+7 (812) 328 9282 - Office,  +7 (812) 328 9248 - Museum    info@karpinskyinstitute.ru
Russian Geological Research Institute (VSEGEI)

Coal petrography research at the Karpinsky Institute – from history to modern times

For almost two centuries, coal has remained the most important type of fuel and energy raw material, continuing to be widely used throughout the world, despite the trend of many countries to switch to green energy. According to a report by the International Energy Agency (IEA), at the end of 2022, the volume of coal used in the world increased by 5%, and the growth forecast for 2023 was another 1.4% to a record 8.54 billion tons per year.

In this regard, one cannot help but recall that experts from our institute made a significant contribution to the study of this sedimentary rock.

At the end of the 19th and beginning of the 20th centuries, optical microscopy began to be used to study coals, and the method itself, and then a whole direction of studying the matter of coals was called “coal petrography”. Petrological analysis of coal made it possible to expand the scope of practical use of solid fuel as a chemical and process raw material.

The history of coal petrography in Russia begins with the works by M.D. Zalessky on the microscopic description of coal buds in Donbass (1911), and “Essay on the formation of coal” (1914). In 1927, under his leadership, a coal microscopy laboratory was organized at the Coal Sector of the Geological Committee. As science developed, coal microscopy turned into coal petrography, that is, into an independent discipline covering the study of both the external structure of coal and its physical, microscopic, and chemical properties. It became the doctrine of the material composition and structure of coal, oil shale, dispersed organic matter of oil source strata, and their genesis.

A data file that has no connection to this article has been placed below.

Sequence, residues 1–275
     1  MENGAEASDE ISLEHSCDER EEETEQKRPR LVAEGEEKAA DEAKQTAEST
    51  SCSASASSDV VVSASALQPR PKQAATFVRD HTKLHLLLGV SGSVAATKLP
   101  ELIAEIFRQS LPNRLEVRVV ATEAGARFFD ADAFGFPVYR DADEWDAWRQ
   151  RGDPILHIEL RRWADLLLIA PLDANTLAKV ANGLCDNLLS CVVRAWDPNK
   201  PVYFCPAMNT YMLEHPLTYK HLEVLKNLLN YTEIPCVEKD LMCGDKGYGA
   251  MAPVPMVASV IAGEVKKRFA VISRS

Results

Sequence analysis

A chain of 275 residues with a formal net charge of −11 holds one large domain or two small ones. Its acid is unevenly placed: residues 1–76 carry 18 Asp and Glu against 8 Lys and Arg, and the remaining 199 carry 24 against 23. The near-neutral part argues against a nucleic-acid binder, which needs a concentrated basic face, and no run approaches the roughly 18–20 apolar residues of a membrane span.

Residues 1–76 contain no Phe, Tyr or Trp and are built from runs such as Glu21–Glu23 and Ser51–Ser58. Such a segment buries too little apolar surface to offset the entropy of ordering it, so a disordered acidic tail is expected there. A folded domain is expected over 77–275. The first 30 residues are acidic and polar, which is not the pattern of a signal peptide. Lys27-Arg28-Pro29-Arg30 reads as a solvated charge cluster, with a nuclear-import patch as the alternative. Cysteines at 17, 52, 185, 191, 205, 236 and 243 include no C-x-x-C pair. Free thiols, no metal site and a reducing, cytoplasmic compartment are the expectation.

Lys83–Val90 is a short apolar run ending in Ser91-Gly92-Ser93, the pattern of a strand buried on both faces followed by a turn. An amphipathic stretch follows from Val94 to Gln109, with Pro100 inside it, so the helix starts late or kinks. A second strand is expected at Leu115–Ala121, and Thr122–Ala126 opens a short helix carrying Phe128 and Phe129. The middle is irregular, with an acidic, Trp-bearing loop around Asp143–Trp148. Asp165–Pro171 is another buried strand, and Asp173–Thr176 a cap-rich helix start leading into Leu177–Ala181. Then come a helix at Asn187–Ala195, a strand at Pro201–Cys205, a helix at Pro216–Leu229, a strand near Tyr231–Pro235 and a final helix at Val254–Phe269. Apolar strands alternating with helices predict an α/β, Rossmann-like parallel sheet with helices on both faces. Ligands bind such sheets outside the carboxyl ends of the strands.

In 2006, employees of the Department of Geology of Combustible Minerals of our institute compiled and published major “Petrological Atlas of Fossil Organic Matter of Russia.” In a review by leading coal scientists, this work was recognized as one of the remarkable events in the history of the organic matter study in the world. The atlas was also published in English.

One of the leading authors of the Atlas, Chief Researcher of the Department of Geology of Combustible Minerals Dr. Vladimir Vyalov, recalls: “Assessing the atlas content, the reviewers noted the wide range of issues considered in it: characteristics of basins and deposits of coal and oil shale, petroleum basins, the relationship of hydrocarbons with solid fossil fuels. For the first time, on a unified methodological basis for the entire Russia and all age groups, from the Precambrian to the Neogene, a fundamental work was created, summarizing not only the results of studying coal and oil shale, but also dispersed organic matter of sedimentary formations containing liquid and gaseous hydrocarbons."

Later on, the Department of Geology of Combustible Minerals developed the “Digital reference book-identifier of organic matter in oil, gas, and coal-bearing sedimentary basins of Russia” and “Digital reference book-identifier of the maceral composition of dispersed organic matter and coals using coal petrography methods”, which are freely available on the Karpinsky Institute website. на сайте Института Карпинского.

Also, for many years, our institute has been developing a technology for forecasting the petroleum content of sedimentary basins in Russia based on coal petrography studies of dispersed organic matter to compile forecast maps for oil and gas when creating the State geological maps.

Today, the Coal Petrography Laboratory of the Department of Geology of Combustible Minerals of our Institute determines the quality of coals (petrographic analysis) and trace organic matters (to predict petroleum content).

The plans of the Karpinsky Institute include the continuation of coal petrography research using petrographic methods for solid combustible minerals and dispersed organic matter to solve the most important forecasting and geological issues of paleogeography, stratigraphy, tectonics, petroleum exploration, ore deposits, etc.


Back to the list